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Banks issue fewer yuan loans in November


09:08, December 12, 2012

CHINA'S bank lending fell in November from a year earlier while total social financing expanded slower, as banks are cautious toward lending at year-end.

Chinese banks extended 522.9 billion yuan (US$84 billion) of local-currency loans, the People's Bank of China said yesterday. That was lower than a 550 billion yuan median estimate in a Bloomberg News survey and 562.2 billion yuan in the same month of last year.

Total social financing, including loans, bank acceptance bills, corporate bonds and equity financing, was 1.14 trillion yuan in November, 183.7 billion yuan higher than last year but lower than October's 1.29 trillion yuan. The rise was lower than a monthly average of 1.32 trillion yuan in the third quarter of this year.

Economists said that banks are reluctant to lend by the year-end and that the current liquidity is enough to support a rebound of economic growth in the coming quarters.

"Corporate demand for credit has been weak partly due to seasonal reasons," said Stephen Green, chief China economist of the Standard Chartered Bank. "New projects may not start until next March, and banks are usually more cautious toward lending in the fourth quarter."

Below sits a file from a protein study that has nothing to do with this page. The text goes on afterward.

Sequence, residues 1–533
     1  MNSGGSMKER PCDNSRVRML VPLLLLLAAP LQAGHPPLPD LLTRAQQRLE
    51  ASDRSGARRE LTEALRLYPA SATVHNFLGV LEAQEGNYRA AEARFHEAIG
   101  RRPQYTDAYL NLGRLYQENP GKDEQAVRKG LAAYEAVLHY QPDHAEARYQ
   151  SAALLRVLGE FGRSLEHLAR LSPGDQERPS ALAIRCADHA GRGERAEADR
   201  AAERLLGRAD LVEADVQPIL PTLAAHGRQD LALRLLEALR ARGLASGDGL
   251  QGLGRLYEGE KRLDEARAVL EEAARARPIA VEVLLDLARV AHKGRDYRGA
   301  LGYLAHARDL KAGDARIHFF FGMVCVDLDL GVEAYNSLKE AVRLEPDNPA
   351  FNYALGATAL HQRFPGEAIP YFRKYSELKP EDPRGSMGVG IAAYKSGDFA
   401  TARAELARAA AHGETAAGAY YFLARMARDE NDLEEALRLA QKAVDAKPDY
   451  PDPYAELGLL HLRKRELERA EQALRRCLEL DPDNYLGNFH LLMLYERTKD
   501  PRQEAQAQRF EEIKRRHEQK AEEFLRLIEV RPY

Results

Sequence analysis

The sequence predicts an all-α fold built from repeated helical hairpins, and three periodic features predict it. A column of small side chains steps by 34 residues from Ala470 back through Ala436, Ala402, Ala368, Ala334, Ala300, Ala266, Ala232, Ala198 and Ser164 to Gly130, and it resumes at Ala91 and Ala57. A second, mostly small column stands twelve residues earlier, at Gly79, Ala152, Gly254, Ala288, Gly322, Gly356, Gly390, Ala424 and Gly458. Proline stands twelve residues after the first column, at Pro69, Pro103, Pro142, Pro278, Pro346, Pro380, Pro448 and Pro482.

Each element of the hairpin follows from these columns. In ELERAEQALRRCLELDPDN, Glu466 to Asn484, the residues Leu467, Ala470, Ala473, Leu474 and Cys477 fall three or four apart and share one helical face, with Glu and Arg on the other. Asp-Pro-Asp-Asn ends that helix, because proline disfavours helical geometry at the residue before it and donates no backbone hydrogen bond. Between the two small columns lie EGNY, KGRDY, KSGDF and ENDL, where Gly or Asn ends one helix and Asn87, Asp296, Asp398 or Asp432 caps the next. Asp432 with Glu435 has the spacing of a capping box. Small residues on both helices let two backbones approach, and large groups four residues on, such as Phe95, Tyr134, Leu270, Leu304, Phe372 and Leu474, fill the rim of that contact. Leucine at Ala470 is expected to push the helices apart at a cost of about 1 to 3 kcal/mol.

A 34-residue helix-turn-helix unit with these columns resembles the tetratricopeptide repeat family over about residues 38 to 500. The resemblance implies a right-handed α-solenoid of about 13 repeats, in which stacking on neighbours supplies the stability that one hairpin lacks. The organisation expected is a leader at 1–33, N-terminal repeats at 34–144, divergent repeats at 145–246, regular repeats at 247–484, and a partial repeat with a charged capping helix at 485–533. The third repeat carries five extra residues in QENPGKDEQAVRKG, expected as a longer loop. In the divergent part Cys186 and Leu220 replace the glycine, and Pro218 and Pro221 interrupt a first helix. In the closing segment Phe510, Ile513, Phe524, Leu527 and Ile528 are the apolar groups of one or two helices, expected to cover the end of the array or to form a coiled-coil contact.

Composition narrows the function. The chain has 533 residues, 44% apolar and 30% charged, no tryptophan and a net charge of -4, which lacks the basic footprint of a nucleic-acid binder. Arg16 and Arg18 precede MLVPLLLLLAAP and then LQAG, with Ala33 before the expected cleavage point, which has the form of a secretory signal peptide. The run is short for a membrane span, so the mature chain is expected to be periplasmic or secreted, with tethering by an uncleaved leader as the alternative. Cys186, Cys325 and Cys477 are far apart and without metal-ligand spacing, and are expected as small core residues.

But he said banks have lent more than they did last year with the economic situation starting to stabilize.

Lu Zhengwei, chief economist of the Industrial Bank, said the easier monetary environment in the second half will help the economy to rebound until the next quarter, but the availability of funds next year is uncertain.

Total yuan lending in the first 11 months of this year reached 7.75 trillion yuan, exceeding 7.47 trillion yuan lent in the whole of last year.

Total social financing during the same period came to 14.15 trillion yuan, 2.6 trillion yuan more than a year earlier, the central bank data showed.

M2, the broadest measure of money supply, rose 13.9 percent year on year, short of an annual target of 14 percent.

"Despite the mild slowdown in the growth of November's total social financing, the still healthy levels of credit being created suggest that quantitative easing is working," the HSBC said in a report yesterday. "Overall financing conditions also remain favorable for China's ongoing growth recovery."

The report also noted the share of direct financing edged up in November from a month ago, which is a welcome development for China's plans for continued financial reform.

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